Prior to Wednesday, a defendant could be convicted of a drug offense even if he or she did not knowingly sell or distribute drugs in Florida. But thanks to a recent ruling by a Florida federal judge, this should no longer be the case.
According to federal judge Mary Scriven, Florida remained the only state in the country that did not require intent to be proved as an element of a drug offense. Under the Florida's Drug Abuse Prevention and Control law, those accused of drug trafficking or distribution of a controlled substance could be convicted even if they did not know they were selling the specific drug.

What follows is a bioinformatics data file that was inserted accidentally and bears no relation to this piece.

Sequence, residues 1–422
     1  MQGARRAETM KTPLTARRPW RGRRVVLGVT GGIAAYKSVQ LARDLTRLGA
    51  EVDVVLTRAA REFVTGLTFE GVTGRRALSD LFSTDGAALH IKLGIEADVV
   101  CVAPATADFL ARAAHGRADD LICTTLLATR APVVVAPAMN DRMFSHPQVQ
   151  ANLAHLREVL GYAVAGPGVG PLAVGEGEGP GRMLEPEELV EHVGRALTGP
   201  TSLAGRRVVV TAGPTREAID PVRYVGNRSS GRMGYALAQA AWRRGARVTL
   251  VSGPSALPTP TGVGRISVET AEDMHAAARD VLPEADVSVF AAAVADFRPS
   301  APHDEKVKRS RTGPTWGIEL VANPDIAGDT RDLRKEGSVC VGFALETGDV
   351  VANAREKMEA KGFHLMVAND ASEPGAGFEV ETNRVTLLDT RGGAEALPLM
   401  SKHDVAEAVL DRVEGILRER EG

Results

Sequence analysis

In her ruling, Judge Scriven wrote, "a person [in Florida] is guilty of a drug offense if he delivers a controlled substance without regard to whether he does so purposefully, knowingly, recklessly, or negligently." The judge then noted that all other states no longer criminalize the "unknowing" possession of a drug, concluding that the law was unconstitutional.
The ruling stemmed from a case involving a Florida man who was sentenced to serve 18 years in prison after being convicted of a cocaine offense -- even though he denied knowing that he was actually selling cocaine.
It is believed that the Florida Attorney General's Office may try to challenge the ruling. A spokesperson for the office said that it is currently reviewing the judge's opinion.
Source: Wall Street Journal, "Florida Judge Declares State's Drug Law Unconstitutional," Nathan Koppel, 27 July 2011.